SAN FRANCISCO (CN) – An appeals court revived claims against the University of California for canceling the medical benefits of four workers who retired after decades of service.
The case has major implications for public employees fighting with counties up and down the state to keep their health insurance coverage.
“It’s a statewide issue because counties are looking for ways to save money,” said Dov Grunschlag, an attorney for the retirees. “The legal issue in a number of cases is whether there is a contractual right to receive these benefits. This case helps to show that in the right circumstances, there can be a contractual commitment.”
Joe Requa, Wendell Moen, Jay Davis and Donna Ventura petitioned the court for help in 2010. They all retired from the university-run Lawrence Livermore National Laboratory between 1996 and 2006.
Up until 2008, they received medical benefits from the University of California, like all UC employees. But in 2007, the Department of Energy ended its lab-management contract with the university, and the UC Regents terminated the retirees’ health insurance.
A private consortium assumed responsibility for their health coverage, and the retirees were assured that they would continue to receive equivalent benefits.
But those new benefits ended up costing the retirees thousands of dollars more a year.
“It’s not the same coverage, not the same benefits, and it’s at higher cost than if they continued to be part of the University of California plan,” said Grunschlag, of Carter, Carter, Fries and Grunschlag. “The UC is a huge institution with many thousands of employees of all ages so the premiums and cost are spread over lots of age groups. What happened here, and one of the reasons here that our clients are upset, is they are now in a pool of old folks whose insurance is being priced just on that group.”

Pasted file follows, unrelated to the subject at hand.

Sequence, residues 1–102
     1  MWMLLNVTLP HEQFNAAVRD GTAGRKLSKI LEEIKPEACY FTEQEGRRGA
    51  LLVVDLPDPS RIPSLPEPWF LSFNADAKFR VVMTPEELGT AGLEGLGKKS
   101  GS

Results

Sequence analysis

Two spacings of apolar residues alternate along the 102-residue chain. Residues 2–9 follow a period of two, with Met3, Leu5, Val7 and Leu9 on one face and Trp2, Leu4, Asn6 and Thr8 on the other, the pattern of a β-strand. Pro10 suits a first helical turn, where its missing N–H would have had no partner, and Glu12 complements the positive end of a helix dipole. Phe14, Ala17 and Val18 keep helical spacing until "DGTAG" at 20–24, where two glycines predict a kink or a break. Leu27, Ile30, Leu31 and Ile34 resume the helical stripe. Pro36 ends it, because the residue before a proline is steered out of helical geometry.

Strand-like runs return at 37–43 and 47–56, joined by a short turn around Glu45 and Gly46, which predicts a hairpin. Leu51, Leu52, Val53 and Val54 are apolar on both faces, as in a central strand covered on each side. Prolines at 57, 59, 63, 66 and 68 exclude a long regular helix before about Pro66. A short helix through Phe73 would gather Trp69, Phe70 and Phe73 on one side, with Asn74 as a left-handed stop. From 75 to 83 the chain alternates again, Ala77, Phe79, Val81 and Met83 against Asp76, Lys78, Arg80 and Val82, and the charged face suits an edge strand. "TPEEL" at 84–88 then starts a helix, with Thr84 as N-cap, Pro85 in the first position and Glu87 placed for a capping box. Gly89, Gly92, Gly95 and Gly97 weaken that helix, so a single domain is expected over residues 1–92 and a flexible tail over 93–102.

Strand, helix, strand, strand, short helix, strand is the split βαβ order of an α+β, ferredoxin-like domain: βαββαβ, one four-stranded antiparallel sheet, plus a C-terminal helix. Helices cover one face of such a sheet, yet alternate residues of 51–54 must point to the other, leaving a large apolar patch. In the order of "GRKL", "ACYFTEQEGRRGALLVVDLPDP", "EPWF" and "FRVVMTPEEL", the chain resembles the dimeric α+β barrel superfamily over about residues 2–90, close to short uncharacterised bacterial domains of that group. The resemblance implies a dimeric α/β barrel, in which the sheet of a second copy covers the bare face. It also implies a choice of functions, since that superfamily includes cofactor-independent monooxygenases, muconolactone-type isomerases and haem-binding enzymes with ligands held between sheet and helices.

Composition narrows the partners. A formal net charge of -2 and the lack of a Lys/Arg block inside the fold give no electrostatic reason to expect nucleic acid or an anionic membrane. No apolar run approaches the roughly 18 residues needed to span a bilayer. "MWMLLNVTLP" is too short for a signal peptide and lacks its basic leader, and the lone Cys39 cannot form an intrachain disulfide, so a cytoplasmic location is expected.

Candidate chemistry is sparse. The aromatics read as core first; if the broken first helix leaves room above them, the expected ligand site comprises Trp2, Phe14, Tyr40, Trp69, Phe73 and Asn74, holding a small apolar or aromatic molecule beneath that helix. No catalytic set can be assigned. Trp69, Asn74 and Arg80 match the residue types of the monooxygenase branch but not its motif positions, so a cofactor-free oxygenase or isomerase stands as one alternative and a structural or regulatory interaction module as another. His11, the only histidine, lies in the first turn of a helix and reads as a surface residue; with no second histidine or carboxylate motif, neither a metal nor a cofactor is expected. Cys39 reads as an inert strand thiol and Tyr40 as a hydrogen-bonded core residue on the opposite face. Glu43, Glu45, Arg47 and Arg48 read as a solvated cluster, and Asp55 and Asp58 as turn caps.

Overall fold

Last year, an Alameda County judge issued a demurrer ruling that found the retirees had failed to provide evidence of an implied contract with the university.
But the group gained some ground after a “lively” hearing before Division Five of the state’s First Appellate District, Grunschlag said.
At oral argument, both sides offered definitions to a passage of the employee handbook on UC retirement benefits that reads: “After you have five years of UCRS service credit, or when you are age 62, you have a non-forfeitable (vested) right to a retirement benefit that is based on both your own and Regents ‘contributions.'”
While the Regents argued that this passage does not apply to medical benefits, “our take on it was that this just another statement that shows that once you are entitled to getting a pension then you are also vested in the right to get health insurance,” Grunschlag said.
The three-justice panel agreed with the retirees unanimously.
“In essence, the Regents argue that because retirees have not produced the evidence that will prove their case, we need not accept the truth of the allegations in the FAP,” Presiding Justice Barbara Jones wrote for the court, abbreviating first amended petition. “The cases the Regents cite in support of this rather extraordinary argument do not come close to supporting it.”
The panel affirmed dismissal only of the retirees’ claim for impairment of express contract.
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